Kyrie Irving has the best handle in the NBA. Look, I know what you’re thinking. You’re probably worried that the Clippers’ winning streak has caused me to develop temporary amnesia and forget about the existence of Chris Paul and Jamal Crawford. Those guys are great, but I don’t remember seeing a player with a handle as quick as Irving’s. It’s like he’s transporting around the court, getting from A-to-B with moves you don’t even catch unless you’ve got the DVR fired up.
A lot of great moves come require a big setup. The defender is caught reacting to an initial fake and he gets put into a bad spot, and it’s the third or fourth move that actually gets him. What’s crazy though is that Irving doesn’t even have to bother with all that. It’s one move and *poof* — he’s leaving a cloud of dust like a cartoon character. Basically, it’s the practicality of Paul’s handle meshed with the flair of Crawford’s, and it puts any poor sap unfortunate enough to be on an island with him in a whole mess of trouble.
Monta Ellis has been known to put a few players on skates himself, but he’s the one grabbing at air here when he’s matched up with Irving:
It’s not good news, but it looked like it could have been much worse.
Timberwolves big man Karl-Anthony Towns is out for weeks with a right calf strain, the team announced Tuesday following an MRI exam. Adrian Wojnarowski of ESPN reports it is likely 4-6 weeks.
The injury occurred midway through the third quarter Monday when Towns started to run back upcourt and went to the ground without contact, grabbing his knee and calf. It looked scary — Achilles scary — and he had to be helped off the court.
Towns has averaged 21.4 points and 8.5 rebounds a game, and while his numbers are down this season — just 32.8% on 3-pointers — the team has struggled at times without him, particularly lineups with Rudy Gobert and Anthony Edwards together, an -11.8 net rating (in non-garbage time minutes, via Cleaning the Glass).
Kevin Durant carried the Nets to another win Monday night, scoring 45 points on 19-of-24 shooting, plus seven rebounds and five assists.
If you’re having an MVP conversation a quarter of the way into the NBA season, Durant has to be part of it: 30 points per game on 54.8% shooting (and a ridiculous 65.9 true shooting percentage), 6.6 rebounds and 5.5 assists a game, plus playing solid defense and being the anchor of the Nets. After his 45-point outing to get Brooklyn a win over Orlando, Durant was asked about MVP chants and the chase for the award and was clearly not interested.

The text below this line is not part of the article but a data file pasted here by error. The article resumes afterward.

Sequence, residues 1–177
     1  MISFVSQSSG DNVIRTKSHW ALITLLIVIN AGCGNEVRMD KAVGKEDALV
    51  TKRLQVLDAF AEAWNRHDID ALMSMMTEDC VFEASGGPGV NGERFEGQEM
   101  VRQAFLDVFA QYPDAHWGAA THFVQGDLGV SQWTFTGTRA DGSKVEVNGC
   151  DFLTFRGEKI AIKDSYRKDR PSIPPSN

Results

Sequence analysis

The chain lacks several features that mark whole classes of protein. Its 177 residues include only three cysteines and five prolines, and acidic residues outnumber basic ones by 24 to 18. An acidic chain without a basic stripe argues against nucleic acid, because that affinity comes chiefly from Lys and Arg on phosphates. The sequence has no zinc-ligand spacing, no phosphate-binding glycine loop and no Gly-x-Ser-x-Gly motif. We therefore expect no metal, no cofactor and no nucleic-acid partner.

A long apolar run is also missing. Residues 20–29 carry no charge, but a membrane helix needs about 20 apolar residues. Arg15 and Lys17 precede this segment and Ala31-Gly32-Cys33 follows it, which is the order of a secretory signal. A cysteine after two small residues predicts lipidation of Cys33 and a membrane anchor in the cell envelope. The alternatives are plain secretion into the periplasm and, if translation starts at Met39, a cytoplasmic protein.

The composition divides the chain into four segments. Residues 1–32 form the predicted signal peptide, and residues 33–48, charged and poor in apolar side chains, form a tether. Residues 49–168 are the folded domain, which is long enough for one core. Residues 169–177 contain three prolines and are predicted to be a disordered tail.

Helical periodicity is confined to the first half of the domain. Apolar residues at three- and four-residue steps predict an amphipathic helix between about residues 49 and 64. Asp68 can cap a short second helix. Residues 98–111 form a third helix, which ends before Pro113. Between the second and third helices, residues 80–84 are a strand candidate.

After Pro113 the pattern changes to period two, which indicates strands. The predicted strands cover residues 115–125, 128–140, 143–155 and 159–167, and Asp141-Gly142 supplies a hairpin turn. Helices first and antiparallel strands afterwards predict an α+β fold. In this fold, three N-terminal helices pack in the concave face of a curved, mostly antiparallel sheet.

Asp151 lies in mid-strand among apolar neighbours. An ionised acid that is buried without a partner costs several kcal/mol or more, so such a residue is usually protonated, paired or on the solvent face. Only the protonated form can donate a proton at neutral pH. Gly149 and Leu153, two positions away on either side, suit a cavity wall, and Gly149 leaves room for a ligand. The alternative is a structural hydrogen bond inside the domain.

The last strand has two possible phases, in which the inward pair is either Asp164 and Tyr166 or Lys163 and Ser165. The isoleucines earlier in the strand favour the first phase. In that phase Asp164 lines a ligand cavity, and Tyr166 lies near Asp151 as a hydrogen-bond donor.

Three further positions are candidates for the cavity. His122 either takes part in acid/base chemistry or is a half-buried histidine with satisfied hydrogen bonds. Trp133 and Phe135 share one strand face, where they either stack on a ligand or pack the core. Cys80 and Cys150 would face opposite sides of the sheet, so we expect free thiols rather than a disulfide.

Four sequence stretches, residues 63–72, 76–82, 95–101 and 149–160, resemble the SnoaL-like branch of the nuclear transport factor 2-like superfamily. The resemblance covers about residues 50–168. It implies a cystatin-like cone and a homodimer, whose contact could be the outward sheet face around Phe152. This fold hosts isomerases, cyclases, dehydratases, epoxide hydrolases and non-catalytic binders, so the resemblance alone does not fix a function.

Durant has MVP numbers, but so do Stephen Curry, Luka Doncic, Giannis Antetokounmpo, Jayson Tatum and others. If Durant is going to move to the front of the conversation, the first thing that has to happen is Brooklyn has to win a lot more games — 11-11 is not going to cut it when Tatum’s Celtics and Antetokounmpo’s Bucks have the two best records in the NBA. Winning games and finishing on a top-three team in the conference matters to some voters (and traditionally is one measure of an MVP).
With 2.3 seconds left in the game and the Thunder down 2, they needed to steal the inbounds pass from New Orleans to have a real chance. That’s why when Aleksej Pokusevski walked on the court it looked like he was going to guard the inbounder, Herbert Jones.
Instead, Pokusevski turned his back to Jones, putting himself in position to step in front of anyone cutting to the ball to catch the inbounds. Except, Jones made the clever play to seal the game.
Pokusevski fouled Jones, who sank both free throws and sealed the 105-101 Pelicans win.
The Pelicans got 23-8-8 from Zion Williamson and picked up a win without CJ McCollum or Brandon Ingram in the lineup. Shai Gilgeous-Alexander continued his dominant start to the season and scored 31.
It might have been the loudest the crypto.com Arena was all night.
Between the third and fourth quarters, Lakers fan Jamie Murry of Downey won $75,000 draining a half-court shot — and he got to celebrate with Anthony Davis.
Murry’s celebration is the best part — with Anthony Davis coming out to celebrate with him (and seeming a little shocked by the hug).
One other big shot fell at this game, but Lakers’ fans didn’t like it as much — Pacers’ rookie Andrew Nembhard drained a game-winning 3-pointer as time expired.